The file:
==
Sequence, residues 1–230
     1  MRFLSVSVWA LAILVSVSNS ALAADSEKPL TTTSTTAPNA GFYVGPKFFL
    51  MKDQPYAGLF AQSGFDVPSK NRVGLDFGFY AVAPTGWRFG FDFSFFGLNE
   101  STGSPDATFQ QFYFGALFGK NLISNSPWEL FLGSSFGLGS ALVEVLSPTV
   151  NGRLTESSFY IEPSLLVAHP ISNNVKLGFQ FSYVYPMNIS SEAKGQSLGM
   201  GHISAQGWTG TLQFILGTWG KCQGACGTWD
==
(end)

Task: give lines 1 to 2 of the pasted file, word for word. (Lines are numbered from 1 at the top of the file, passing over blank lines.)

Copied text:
Sequence, residues 1–230
     1  MRFLSVSVWA LAILVSVSNS ALAADSEKPL TTTSTTAPNA GFYVGPKFFL